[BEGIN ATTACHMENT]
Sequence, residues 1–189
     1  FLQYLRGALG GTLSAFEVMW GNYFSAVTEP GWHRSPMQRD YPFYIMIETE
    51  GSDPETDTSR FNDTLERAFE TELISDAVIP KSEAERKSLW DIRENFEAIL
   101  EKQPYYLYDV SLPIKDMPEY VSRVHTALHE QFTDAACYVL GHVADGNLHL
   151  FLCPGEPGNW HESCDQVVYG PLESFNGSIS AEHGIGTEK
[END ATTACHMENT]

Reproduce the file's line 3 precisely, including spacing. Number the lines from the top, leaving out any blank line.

    51  GSDPETDTSR FNDTLERAFE TELISDAVIP KSEAERKSLW DIRENFEAIL